Building a permanent home for the popular open-air Nazi secret police exhibit has taken 20 years due to design and budget problems. Work on a new exhibition space at former Gestapo headquarters began on Friday.
The open-air exhibit will remain until the museum to house it is built
A 200-meter (656-foot) strip of the Berlin Wall at Niederkirchnerstrasse marks part of the boundary between the famous Kreuzberg district and a neighborhood that was once in the eastern part of the German capital. It is one of the few remaining vestiges of the one-time symbol of a divided Europe.
But besides being the very focal point of the Cold War, it was also here that Adolf Hitler's secret police masterminded the 12-year reign of terror from 1933 to 1945 that led to the extermination of six million European Jews and countless other victims. This was the location of the headquarters of the much-feared Gestapo.
Since 1987, black-and-white photo reproductions documenting the Nazi terror have been posted in a temporary outdoor exhibit near the ruins of the former Gestapo and Reich Security Offices, which were destroyed during the war by allied bombs.
While the exhibit, called the "Topography of Terror," draws roughly 400,000 visitors a year, for two decades now efforts have been underway to create a more permanent exhibition, but the project has been plagued by expensive false starts.
On Friday, Nov. 2, a ground-breaking ceremony took place attended by Berlin Mayor Klaus Wowereit and German Culture Minister Bernd Neumann for a new "Remembrance and Documentation Center" in the German capital for victims of wartime Gestapo terror.
"It's true. We are going to build the remembrance and documentation center - finally, perhaps, some people will say," Wowereit said.
Focus on Nazi perpetrators, not victims
Other exhibits devoted to Nazi era focus on victims of Holocaust
Although Berlin is already home to exhibitions that look at the Nazi genocide, such as Daniel Libeskind's Jewish Museum and Peter Eisenman's Holocaust Memorial, the focus of the Topography of Terror foundation is different, said Executive Director Andreas Nachema.
"This is not a memorial and the focus is not on Jews and other victims, such as gypsies or Communists. We focus on the Nazi perpetrators, the secret police and the ordinary Germans who supported them," he said.
"Visitors can come to this historical site in Berlin, which was once the artery of the Third Reich, and they should walk away with a feel for the dimension of what happened," added Nachema, who pointed out that the architectural design of the building should not get in the way of, but serve the exhibits.
In 1993, Swiss architect Peter Zumthor was commissioned to design a permanent home for the "Topography of Terror" exhibition on the vacant lot between the Berlin Wall at Niederkirchnerstrasse and Wilhelmstrasse in the heart of the city.
But serious technical flaws in the design became apparent and the design itself came under fire for, for example, letting in too much natural sunlight that would make it difficult to read the text accompanying the exhibits.
"Zumthor's design concept was impossible to build," said Stefanie Endlich, the foundation's publicist and a member of the board.
In addition, there were concerns that a building and exhibit focusing on the Nazi perpetrators could lead to the site becoming a place of pilgrimage for neo-Nazis, long a quandary that urban planners in Germany have faced.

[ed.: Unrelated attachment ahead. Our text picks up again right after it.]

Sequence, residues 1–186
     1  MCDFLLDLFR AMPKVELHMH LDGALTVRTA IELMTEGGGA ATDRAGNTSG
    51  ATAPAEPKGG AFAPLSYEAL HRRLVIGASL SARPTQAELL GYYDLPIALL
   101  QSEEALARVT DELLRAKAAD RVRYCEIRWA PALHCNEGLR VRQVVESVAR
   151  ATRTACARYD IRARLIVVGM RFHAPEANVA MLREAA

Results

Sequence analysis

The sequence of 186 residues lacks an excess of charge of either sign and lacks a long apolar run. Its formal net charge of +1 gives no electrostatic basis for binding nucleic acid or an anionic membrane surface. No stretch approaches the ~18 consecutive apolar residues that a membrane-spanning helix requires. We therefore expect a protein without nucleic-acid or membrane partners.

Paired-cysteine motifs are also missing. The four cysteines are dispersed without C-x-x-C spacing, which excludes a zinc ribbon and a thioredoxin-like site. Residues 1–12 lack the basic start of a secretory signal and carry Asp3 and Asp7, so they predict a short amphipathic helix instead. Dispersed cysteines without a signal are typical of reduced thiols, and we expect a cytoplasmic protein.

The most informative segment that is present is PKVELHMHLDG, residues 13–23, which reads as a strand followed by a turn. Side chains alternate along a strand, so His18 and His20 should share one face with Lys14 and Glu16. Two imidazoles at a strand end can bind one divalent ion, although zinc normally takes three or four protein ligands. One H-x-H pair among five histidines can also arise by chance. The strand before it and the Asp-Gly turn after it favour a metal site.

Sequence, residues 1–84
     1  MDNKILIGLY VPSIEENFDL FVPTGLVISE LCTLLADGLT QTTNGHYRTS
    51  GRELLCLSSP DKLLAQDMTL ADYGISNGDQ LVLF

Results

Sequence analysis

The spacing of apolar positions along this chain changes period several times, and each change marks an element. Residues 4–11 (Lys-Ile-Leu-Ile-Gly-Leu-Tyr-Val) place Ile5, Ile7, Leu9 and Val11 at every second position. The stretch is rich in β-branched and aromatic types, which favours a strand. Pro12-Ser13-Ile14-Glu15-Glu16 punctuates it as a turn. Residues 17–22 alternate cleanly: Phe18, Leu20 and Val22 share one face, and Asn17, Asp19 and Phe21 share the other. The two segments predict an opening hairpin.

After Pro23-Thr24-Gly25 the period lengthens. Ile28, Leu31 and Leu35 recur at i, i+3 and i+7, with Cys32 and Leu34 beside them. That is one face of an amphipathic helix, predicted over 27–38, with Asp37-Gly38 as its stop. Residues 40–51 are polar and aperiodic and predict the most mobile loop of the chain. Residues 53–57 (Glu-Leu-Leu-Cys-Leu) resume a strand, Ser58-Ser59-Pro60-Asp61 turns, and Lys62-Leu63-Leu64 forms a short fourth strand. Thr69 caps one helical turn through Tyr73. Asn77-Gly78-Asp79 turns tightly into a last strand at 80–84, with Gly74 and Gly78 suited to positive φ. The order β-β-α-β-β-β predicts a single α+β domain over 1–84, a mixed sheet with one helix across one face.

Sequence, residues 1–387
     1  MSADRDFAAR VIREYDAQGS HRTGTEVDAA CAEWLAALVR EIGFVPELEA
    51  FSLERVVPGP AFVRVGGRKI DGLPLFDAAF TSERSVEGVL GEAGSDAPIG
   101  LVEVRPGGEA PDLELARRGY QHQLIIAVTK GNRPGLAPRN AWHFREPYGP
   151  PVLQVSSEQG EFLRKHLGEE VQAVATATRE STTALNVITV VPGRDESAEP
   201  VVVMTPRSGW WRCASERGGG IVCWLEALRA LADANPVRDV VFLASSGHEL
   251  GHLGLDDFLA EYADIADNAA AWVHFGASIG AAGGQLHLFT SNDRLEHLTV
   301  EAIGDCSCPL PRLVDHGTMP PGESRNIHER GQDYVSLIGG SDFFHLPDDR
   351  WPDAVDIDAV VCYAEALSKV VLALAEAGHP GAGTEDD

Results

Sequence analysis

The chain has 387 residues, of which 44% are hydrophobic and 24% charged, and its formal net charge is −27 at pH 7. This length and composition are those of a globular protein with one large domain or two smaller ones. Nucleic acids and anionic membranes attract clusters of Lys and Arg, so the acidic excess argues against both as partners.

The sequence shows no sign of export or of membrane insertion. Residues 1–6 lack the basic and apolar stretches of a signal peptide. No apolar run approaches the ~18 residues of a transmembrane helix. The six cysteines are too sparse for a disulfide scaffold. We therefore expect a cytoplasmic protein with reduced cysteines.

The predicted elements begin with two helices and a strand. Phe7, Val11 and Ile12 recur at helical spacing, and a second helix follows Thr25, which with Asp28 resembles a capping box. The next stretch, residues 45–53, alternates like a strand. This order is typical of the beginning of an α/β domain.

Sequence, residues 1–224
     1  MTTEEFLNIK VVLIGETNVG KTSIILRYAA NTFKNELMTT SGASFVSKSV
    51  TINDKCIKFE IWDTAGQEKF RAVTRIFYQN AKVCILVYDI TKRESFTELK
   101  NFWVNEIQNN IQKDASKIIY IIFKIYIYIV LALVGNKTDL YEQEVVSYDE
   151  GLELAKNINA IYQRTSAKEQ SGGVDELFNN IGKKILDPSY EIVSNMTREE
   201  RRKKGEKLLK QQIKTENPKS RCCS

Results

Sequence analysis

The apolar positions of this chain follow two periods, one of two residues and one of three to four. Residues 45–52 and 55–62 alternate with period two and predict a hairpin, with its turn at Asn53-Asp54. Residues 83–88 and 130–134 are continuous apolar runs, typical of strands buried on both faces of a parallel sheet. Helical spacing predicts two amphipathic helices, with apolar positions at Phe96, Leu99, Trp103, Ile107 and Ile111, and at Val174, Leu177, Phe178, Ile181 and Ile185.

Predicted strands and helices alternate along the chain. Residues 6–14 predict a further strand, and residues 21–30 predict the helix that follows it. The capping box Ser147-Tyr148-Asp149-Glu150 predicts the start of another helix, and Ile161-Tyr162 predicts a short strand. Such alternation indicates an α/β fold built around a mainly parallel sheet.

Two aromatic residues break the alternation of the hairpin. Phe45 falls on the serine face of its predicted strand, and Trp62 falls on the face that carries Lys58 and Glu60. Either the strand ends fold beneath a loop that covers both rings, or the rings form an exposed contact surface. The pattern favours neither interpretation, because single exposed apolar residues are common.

Technical and budgetary problems
A 200-meter stretch of the Berlin Wall will remain at the site
By 1999 the project, for which the city had earmarked 37 million deutschmarks (€19 million or $27.5 million), had all but collapsed. Although about two-thirds of the budget had been spent, only the foundation and a few supports had been built. Several construction companies working on the project went bankrupt.
New estimates found that another 28 million euros would be needed to complete the building and Berlin, already facing a huge budget deficit, decided in 2000 to scrap the project. The structures on the site were razed in 2004.
The next year, the city held a competition for another concept and in January 2006, a more modest design by local architect Ursula Wilms was chosen.
There has been no shortage of critics of how Berlin's urban planners handled the project. At the center of the controversy was Hans Stimmann, Berlin's building director from 1991 until 2006. He was a powerful advocate of the Zumthor design, even though it became clear early on that it was technically flawed, said Nachema.
"Stimmann was fixated on the idea that the city of Berlin had to have a building designed by Zumthor and no one dared challenge him," he said.
New building to open in 2009
Reunification in 1990 and the German parliament's decision to move the capital from Bonn to Berlin the following year became the impetus for redesigning the city on a grand scale. Big-name architects, such as Sir Norman Foster, Renzo Piano and Helmut Jahn flocked to Berlin to reinvent prominent buildings such as the Reichstag and thoroughfares such as Potsdamer Platz. It had been leveled during World War II and remained a barren no man's land during the Cold War.
Berlin architect Ursula Wilms won new competition for a less costly design
Today Potsdamer Platz is a gleaming group of high-rises and modern architecture, while the "Topography of Terror" is still basically a collection of posters amid the ruins of a cellar.
Wilms design for the Topography of Terror, a simple rectangular structure sheathed inside a metallic mesh, is now budgeted at 19 million euros.
The section of the Berlin Wall now there will remain as part of the site's landscape and a small section of the documentation center, which looks out onto Niederkirchnerstrasse, will be devoted to the individuals who, according to Andreas Nachema, "tried to scale the wall of inhumanity."